Across the country, alcohol use — and misuse — have gone up among older adults, researchers say.
The new study in JAMA Psychiatry found that between 2001 and 2012, increases in alcohol use, high-risk drinking, and alcohol use disorder among older adults were substantial, said the study’s authors. So much so that they call the change “unprecedented.”
George Koob leads the National Institute on Alcohol Abuse and Alcoholism. He said the health risks for drinking among this age group are different than for younger people.
“Almost everybody over 65 is taking a lot of pills and a number of those pills can actually potentiate the action of alcohol.”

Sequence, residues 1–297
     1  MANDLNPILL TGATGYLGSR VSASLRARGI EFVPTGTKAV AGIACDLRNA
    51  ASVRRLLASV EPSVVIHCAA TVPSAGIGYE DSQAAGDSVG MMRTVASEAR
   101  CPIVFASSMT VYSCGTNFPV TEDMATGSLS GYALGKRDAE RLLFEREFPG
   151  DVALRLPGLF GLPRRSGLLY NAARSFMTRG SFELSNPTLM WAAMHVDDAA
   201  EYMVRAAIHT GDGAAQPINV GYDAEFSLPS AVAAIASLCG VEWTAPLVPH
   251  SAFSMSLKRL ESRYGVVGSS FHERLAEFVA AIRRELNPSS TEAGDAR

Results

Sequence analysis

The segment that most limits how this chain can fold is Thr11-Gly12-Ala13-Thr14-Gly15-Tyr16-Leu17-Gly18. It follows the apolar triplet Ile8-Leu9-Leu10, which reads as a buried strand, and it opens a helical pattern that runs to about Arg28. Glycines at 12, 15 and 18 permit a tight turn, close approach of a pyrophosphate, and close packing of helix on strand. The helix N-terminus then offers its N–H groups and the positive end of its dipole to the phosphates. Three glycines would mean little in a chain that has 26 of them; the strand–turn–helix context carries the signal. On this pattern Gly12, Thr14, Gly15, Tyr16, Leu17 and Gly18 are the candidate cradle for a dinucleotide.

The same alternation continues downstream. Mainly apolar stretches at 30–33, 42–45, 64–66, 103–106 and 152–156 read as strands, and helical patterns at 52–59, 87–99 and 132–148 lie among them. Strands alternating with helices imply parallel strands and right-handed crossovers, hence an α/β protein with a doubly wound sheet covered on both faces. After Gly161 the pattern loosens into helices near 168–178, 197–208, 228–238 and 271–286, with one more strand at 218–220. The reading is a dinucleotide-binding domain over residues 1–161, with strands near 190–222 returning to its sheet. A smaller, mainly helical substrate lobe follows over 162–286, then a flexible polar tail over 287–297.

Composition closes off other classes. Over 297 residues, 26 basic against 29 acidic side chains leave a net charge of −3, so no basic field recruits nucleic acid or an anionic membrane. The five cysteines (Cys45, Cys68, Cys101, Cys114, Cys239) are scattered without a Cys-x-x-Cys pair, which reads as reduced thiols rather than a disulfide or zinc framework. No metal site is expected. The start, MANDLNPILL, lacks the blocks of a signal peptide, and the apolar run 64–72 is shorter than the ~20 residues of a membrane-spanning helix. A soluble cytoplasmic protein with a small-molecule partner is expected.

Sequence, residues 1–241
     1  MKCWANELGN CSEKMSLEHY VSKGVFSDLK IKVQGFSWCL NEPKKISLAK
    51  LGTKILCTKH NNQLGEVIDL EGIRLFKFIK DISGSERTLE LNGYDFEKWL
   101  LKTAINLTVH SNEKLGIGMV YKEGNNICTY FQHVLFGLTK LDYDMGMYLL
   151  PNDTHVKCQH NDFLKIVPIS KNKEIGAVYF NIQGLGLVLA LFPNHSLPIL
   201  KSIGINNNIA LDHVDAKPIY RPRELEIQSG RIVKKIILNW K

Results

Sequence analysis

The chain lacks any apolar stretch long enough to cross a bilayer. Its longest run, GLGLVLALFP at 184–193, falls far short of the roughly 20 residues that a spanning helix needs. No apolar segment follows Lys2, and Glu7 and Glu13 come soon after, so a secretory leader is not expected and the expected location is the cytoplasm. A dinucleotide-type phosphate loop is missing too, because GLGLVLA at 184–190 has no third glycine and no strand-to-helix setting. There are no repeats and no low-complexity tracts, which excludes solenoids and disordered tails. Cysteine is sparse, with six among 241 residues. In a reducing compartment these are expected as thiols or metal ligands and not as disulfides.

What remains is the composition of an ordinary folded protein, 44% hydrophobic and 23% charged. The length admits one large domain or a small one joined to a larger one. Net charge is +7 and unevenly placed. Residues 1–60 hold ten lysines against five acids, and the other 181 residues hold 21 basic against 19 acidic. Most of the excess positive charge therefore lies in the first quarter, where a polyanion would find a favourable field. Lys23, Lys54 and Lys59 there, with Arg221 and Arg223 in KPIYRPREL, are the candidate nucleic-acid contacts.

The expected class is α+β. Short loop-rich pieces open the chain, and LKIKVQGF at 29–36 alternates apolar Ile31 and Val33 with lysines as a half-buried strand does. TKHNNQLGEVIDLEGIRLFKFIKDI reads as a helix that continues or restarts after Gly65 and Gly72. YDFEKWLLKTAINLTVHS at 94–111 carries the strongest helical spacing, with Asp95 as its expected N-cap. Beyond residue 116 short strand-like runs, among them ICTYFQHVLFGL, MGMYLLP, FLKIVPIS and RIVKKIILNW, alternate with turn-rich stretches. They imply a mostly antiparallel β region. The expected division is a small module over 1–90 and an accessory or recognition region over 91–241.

Taken together, the drugs have a stronger effect — and alcohol can interfere with other prescription drugs.
“For example,” he said, “If you take alcohol with an opioid, like a painkiller, you can kill yourself at doses lower for both the pain killer and the alcohol.”
Older Americans tend to take more prescription medications than younger adults, said David Oslin. He’s a professor of Psychiatry at the University of Pennsylvania. During his years of practice, he’s seen more and more older adults come in for drug and alcohol treatment.
“Sixty-five year-olds are really quite common in clinical settings now.”
The Centers for Disease Control estimates that excessive alcohol consumption costs Pennsylvania over $9 billion a year. Nationally, the number is much higher, said Koob.
“The numbers we have are about $250 billion a year in health care costs and social costs. And drunk driving costs and every which way,” he said. “It doesn’t matter what age you are. The earlier you intervene the more likely you’re going to have some success,” he said.